Fire safety spray systems can be found in various industries, but fire safety itself is a specialized engineering field. There are two key spray applications in fire safety: fire prevention and fire suppression.
Fire prevention systems aim to reduce the risk of a fire or explosion by increasing the moisture in the air or on a surface, thereby reducing the combustibility of the environment.
To reduce the risk of explosion caused by the electrostatic charging of airborne dust particles, a fine mist of water is sprayed. However, in cases where the material being protected cannot get wet, low flow rate spraying with fine atomization is required. The PJ series of low-flow rate misting nozzles are often suitable for such anti-static applications.
In applications where wetting is possible, fire prevention systems will deliver a small amount of moisture to the item to reduce the risk of fire. Care must be taken to ensure that water doesn't build up, so controlled and metered spraying is essential. For instance, if combustible material is moving on a conveyor belt, a series of flow-rate flat fan nozzles would be appropriate.
Anti-Static Tank Cleaning
Many tank cleaning nozzles use rotation to create a high-impact spray around the tank. However, rotational metal tank cleaning nozzles may be limited in use if the tank contains potentially hazardous fumes.
Fire suppression systems are designed to help put out fires once they have started. There are two methods for doing this: misting replacement systems and soaking/sprinkler systems.
Misting Replacement Systems
In misting replacement systems, a fine spray is applied to the fire. The heat from the fire quickly evaporates the fine droplets, displacing air and suffocating the fire. For this system to work effectively, very fine droplets must be achieved. Misting nozzles are typically suitable for this application.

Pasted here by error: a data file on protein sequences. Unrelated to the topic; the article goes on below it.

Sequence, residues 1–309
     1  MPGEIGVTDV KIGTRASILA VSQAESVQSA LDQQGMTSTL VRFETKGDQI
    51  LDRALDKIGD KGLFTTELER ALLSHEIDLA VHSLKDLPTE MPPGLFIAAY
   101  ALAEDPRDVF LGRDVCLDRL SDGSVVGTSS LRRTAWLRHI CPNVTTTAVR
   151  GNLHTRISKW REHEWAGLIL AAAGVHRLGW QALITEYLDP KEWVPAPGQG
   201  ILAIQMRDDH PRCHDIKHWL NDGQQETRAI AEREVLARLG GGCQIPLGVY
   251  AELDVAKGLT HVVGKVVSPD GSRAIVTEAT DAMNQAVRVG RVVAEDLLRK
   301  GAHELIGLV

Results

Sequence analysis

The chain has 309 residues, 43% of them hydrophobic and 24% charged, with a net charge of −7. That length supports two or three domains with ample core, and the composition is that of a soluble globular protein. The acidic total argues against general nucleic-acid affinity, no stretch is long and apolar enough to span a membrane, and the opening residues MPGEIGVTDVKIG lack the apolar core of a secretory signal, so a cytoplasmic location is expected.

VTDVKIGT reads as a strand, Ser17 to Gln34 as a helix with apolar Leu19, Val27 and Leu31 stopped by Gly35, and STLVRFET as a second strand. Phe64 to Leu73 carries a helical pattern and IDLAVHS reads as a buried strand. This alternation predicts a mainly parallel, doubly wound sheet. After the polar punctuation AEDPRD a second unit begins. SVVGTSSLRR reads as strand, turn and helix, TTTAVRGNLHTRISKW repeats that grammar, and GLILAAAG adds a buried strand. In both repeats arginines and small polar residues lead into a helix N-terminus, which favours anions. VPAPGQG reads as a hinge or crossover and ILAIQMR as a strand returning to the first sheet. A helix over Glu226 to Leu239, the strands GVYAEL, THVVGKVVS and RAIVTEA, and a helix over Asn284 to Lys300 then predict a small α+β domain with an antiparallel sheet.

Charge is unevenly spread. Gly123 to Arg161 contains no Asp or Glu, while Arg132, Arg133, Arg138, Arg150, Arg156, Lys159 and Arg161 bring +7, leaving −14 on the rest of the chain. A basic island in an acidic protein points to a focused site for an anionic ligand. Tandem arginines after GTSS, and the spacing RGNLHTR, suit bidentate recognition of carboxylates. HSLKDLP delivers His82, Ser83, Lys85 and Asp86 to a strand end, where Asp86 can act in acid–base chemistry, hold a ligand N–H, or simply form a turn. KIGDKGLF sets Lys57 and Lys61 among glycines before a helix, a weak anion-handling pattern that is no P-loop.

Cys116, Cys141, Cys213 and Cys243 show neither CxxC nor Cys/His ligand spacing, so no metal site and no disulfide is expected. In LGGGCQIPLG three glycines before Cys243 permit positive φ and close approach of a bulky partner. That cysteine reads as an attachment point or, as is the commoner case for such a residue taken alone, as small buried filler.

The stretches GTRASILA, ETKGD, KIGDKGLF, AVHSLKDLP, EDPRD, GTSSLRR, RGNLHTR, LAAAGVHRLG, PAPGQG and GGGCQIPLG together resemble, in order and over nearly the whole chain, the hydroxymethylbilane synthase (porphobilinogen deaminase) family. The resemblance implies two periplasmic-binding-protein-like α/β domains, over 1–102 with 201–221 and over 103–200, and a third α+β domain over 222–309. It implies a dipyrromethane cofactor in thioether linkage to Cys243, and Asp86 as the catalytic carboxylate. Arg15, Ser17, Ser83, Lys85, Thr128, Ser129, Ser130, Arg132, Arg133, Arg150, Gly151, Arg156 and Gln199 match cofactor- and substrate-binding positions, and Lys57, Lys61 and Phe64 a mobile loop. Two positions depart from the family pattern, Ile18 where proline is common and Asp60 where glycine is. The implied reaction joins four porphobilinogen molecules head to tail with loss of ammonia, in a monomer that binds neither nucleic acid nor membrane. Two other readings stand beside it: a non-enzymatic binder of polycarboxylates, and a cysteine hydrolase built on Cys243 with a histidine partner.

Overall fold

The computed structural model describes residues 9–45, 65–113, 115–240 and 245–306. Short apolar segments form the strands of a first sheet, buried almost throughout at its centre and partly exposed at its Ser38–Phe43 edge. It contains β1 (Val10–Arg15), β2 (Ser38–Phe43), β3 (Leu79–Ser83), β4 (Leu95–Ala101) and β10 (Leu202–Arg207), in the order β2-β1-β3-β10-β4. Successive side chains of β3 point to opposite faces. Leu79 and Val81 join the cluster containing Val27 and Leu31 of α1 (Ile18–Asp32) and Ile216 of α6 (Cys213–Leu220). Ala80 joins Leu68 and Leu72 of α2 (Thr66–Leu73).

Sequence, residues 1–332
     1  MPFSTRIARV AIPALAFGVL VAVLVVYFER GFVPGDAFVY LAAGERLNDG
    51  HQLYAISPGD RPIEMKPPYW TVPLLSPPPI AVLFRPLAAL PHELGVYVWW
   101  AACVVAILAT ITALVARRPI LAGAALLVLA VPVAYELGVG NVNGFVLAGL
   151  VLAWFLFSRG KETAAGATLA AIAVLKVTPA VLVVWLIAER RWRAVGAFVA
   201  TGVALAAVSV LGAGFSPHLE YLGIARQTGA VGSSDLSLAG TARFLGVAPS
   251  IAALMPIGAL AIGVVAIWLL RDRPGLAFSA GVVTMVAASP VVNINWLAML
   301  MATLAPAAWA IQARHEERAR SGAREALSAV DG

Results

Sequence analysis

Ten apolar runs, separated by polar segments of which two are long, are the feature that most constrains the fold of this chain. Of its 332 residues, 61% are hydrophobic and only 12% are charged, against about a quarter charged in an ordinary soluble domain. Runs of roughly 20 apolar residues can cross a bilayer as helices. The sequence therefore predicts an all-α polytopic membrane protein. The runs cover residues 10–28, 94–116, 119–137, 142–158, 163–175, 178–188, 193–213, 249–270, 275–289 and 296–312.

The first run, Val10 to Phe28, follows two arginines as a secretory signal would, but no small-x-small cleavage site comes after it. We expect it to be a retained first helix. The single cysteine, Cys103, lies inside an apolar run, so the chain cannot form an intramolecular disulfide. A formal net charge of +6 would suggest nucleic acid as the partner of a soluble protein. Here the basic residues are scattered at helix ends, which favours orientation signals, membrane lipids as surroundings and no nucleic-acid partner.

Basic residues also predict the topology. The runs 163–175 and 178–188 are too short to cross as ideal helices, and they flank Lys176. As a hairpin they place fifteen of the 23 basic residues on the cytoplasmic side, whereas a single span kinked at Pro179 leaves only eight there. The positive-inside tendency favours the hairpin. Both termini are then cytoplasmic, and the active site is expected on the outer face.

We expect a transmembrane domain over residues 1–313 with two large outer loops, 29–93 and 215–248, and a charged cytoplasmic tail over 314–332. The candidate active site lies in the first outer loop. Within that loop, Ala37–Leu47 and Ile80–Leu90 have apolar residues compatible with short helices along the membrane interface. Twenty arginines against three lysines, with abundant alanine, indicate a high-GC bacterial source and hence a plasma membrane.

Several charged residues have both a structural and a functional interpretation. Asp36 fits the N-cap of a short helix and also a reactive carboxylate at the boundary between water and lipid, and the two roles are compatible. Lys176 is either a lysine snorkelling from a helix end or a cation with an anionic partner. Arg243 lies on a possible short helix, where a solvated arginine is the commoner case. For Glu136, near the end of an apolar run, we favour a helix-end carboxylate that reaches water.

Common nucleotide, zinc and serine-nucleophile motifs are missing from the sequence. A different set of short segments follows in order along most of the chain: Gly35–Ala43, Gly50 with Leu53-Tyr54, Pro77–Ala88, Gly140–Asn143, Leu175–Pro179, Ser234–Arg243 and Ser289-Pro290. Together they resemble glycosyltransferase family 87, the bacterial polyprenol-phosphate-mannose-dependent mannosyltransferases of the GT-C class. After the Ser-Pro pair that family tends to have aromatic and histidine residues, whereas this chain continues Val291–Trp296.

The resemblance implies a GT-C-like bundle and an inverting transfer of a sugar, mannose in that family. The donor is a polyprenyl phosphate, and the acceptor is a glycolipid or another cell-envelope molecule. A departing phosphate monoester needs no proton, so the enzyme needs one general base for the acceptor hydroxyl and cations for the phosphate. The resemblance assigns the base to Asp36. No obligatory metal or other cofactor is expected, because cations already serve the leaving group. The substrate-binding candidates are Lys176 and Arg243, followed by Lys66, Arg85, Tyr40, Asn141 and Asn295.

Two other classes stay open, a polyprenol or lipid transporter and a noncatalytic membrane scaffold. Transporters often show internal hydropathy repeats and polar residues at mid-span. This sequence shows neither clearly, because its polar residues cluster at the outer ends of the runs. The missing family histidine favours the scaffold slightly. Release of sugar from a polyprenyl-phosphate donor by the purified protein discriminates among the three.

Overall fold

In soaking/sprinkler systems, water (or other fire retardants) is applied directly to the fire, taking the heat out and suppressing the fire. The sprays required typically contain a combination of small and larger droplets, with the smaller droplets providing greater extinguishing power by removing heat from the fire more quickly, and the larger droplets providing penetration into the fire. Without the larger droplets, the fine droplets may be blown away by heat flows and fail to act.
In fire protection systems, large volumes of liquid must be delivered quickly, so drop size is minimal.
For more details on fire prevention and fire suppression spray systems, visit our Fire/Blast Prevention Systems Applications page.
Resource insurance refers to the use of nozzles in certain situations to protect critical assets from the effects of fire, without attempting to extinguish the fire itself. These assets may include fuel tanks that could pose a risk of explosion if heated, or the nozzles may be used to create a "water corridor" to provide a safe escape route for individuals trapped in a fire zone. Nozzles suitable for these applications typically have a relatively high throw range and a more focused cone.
When designing a rain system, the primary consideration is delivering a large volume of liquid to the target area quickly and consistently. This requires high throughput nozzles rather than precise, evenly distributed sprays or finely atomized mists. Twisting design nozzles are an excellent choice because they can deliver thousands of liters per minute. The uneven spray pattern they produce is not relevant for rain systems.